Republicans Are Right to Pressure the Fed, Even If What They Want Is Wrong

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Monetary policy is dull, so the Republican Party’s bizarre advocacy of job-killing tight-money policies during a jobs crisis hasn’t gotten much attention. But political food fights are exciting, so today’s letter from GOP leaders pressuring Federal Reserve chairman Ben Bernanke not to approve more monetary stimulus is likely to get a lot of attention. The Fed is independent, and according to tradition, politicians aren’t supposed to try to push it around.

But why not? Politicians have every right to tell Bernanke what they think he should do. Bernanke has every right to ignore them. The Fed ought to be more central to our politics, not less. It’s our most important economic institution; the economy is our most important political issue. And the GOP’s ignorant and cynical efforts to prevent the Fed from juicing the economy before 2012 deserve a larger hearing.

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A quick primer for normal people who don’t follow monetary policy: The Fed has a dual mandate to stabilize prices and maximize employment.  In general, tighter monetary policies reduce inflation and reduce employment, putting the brakes on the economy; looser policies apply the gas, increasing inflation and increasing employment. Right now, inflation is low and unemployment is appallingly high.

So those of us on the “dovish” side want the Fed to focus on promoting job creation, even if that means slightly higher inflation; as I’ve been writing for a year, a little inflation can be a good thing, because it encourages businesses to invest and hire rather than hoard their cash. For all the right-wing screeching about how President Obama and Bernanke are “debasing the currency,” core inflation is still less than half what it was during its lowest ebb during the term of the great inflation-basher Ronald Reagan.

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But inflation hawks really don’t like inflation. Some hawks think a little inflation will inevitably lead to hyperinflation, as if the Fed would suddenly forget how to raise interest rates if the economy overheated. Some hawks don’t like inflation because it benefits borrowers (i.e., homeowners with mortgage debts, families with credit card debts, nations with $14 trillion debts) as opposed to banks and other creditors. And some inflation hawks just don’t want to stimulate the economy before the 2012 election. I’ll let the reader speculate which kind of arguments have attracted Senate Majority Leader Mitch McConnell, House Speaker John Boehner and the Republicans running for President to the hawkish side.

In fairness, the Fed has already gone to extraordinary lengths to loosen policy, lowering its key interest rate as low as it can go, blasting money into the banking system with two rounds of “quantitative easing.” And there is a reasonable case to be made that even looser policies might not help create that many jobs, that further monetary stimulus would just be pushing on a string, that fiscal stimulus from Congress would be a more effective way to promote growth. In fact, Bernanke himself—who is a Republican, although not the kind of hard-money, Hoover-was-right, Keynes-was-an-idiot Republican who dominates today’s GOP—has been fairly sympathetic to that case. But the GOP obviously isn’t arguing for more fiscal stimulus, and in recent years the inflation hawks have an impressively consistent record of being wrong about everything. Their pessimism has been wrong; easy money has not turned us into Zimbabwe, and foreign investors have not abandoned the dollar. And their optimism has been wrong; the economy has not been stable enough to flourish without Fed support.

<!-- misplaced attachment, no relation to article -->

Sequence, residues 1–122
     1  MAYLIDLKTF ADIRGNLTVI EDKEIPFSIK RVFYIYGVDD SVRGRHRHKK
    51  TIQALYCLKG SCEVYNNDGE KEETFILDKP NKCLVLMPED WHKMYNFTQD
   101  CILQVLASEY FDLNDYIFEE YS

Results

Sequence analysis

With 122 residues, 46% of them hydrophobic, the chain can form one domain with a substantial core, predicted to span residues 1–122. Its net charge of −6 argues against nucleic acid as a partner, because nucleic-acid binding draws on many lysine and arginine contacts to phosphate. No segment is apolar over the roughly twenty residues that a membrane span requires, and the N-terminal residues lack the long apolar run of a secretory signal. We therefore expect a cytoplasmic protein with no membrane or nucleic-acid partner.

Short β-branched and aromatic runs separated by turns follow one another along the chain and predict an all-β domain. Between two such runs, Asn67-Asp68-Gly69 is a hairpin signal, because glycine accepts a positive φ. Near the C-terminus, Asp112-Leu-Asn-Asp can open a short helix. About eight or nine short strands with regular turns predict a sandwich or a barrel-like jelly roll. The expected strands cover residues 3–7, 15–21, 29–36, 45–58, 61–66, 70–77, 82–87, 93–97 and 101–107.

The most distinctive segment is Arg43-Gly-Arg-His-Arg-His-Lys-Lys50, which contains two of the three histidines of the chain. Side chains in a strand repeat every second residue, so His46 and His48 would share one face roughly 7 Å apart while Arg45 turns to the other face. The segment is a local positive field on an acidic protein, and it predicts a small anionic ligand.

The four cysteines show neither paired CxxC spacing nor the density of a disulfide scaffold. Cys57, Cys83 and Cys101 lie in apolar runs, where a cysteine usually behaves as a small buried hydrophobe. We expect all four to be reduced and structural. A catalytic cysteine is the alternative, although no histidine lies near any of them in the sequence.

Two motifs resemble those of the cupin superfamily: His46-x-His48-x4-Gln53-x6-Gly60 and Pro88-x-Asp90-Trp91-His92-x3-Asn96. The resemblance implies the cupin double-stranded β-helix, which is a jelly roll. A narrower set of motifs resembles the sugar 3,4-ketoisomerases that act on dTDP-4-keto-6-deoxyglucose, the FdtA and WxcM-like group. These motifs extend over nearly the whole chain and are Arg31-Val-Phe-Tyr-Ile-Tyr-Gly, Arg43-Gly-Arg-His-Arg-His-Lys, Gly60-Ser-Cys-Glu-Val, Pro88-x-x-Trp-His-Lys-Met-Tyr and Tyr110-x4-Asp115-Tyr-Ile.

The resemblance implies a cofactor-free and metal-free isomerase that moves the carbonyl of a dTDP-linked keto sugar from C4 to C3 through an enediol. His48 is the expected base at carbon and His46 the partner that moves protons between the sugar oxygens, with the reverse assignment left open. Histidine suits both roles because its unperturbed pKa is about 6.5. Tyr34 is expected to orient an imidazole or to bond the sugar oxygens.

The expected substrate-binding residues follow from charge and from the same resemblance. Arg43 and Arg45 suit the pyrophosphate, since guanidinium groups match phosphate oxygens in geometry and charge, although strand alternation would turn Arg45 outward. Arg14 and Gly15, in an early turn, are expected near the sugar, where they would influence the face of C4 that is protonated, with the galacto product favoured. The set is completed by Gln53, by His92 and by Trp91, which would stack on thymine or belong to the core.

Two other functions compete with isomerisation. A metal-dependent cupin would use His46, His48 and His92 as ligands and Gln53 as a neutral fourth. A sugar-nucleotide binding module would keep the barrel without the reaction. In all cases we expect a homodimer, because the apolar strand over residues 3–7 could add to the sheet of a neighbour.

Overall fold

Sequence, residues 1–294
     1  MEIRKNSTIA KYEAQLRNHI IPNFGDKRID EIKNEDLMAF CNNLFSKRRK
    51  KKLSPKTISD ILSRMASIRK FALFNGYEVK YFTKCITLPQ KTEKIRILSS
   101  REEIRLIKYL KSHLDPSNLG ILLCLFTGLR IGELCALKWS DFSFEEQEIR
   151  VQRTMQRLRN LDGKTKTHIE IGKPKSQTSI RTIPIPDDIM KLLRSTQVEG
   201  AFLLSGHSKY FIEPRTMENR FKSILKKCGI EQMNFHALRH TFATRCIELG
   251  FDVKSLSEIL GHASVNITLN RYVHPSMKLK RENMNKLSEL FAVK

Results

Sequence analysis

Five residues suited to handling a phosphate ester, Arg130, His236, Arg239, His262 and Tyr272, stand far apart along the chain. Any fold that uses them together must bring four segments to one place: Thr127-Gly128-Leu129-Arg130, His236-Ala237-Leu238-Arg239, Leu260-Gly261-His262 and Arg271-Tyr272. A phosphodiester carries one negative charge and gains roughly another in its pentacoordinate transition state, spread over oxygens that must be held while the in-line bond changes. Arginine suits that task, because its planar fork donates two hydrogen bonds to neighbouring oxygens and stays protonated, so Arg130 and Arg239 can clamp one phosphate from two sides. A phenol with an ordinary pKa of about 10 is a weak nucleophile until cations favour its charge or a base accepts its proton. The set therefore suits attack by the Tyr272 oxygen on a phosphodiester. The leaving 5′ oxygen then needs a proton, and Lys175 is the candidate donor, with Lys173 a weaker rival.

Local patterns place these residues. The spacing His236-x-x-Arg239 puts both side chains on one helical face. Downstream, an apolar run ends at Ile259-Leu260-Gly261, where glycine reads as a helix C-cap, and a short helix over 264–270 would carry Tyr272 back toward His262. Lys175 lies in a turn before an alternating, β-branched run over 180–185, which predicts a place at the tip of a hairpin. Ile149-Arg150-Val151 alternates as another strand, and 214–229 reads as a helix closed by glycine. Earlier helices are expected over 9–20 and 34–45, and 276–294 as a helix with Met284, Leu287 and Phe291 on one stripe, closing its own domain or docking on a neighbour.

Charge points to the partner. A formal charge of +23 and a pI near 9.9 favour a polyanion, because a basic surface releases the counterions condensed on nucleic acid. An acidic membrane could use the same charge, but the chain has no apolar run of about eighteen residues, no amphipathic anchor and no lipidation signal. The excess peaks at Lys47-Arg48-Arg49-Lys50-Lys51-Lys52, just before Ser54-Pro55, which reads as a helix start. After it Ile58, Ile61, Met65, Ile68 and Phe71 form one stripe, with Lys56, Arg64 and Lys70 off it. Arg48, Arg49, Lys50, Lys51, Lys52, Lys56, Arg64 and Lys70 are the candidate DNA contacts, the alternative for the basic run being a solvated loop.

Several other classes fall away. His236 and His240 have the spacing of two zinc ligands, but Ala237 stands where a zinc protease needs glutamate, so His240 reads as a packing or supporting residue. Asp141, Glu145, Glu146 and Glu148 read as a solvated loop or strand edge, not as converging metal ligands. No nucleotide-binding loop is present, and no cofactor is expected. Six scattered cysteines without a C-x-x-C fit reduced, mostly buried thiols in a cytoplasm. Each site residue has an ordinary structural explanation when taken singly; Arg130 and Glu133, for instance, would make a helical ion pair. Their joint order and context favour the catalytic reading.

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Still, that doesn’t mean inflation-hawk politicians—even cynical inflation-hawk politicians whose hawkishness tends to disappear when Republicans occupy the White House—shouldn’t weigh in on Fed decisions. There’s this prudish notion that just because the Fed is an independent institution in its marble palace on Constitution Avenue, it’s bad form to try to pressure its governors. That’s crazy. It’s independent, but it ought to be accountable. The more its decisions are publicly debated, the better. Some Republicans want to eliminate the Fed’s dual mandate, so that it can only focus on inflation, not employment; I think that’s a horrible idea, and potentially terrible politics at a time of 9% unemployment. But it’s the kind of idea that belongs in the political arena.

Today, the Fed will start an unusual two-day meeting to consider options for further monetary stimulus. It won’t get nearly as much attention as President Obama’s jobs bill, but it’s got a much better chance of producing action that affects the economy, because Bernanke doesn’t need the Tea Party-controlled House of Representatives to approve his policies. Whatever the Fed decides will affect all of us.

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In their letter, the Republicans warned that more monetary stimulus would weaken the dollar (which would boost exports) and promote more borrowing (which would boost the crippled housing market). They didn’t really make a case against looser policy, except the kind of the-economy-is-bad-QED arguments they’ve made against fiscal stimulus. But they’ve got every right to pressure the Fed. The other side should stop whining about Republican pressure and start applying its own.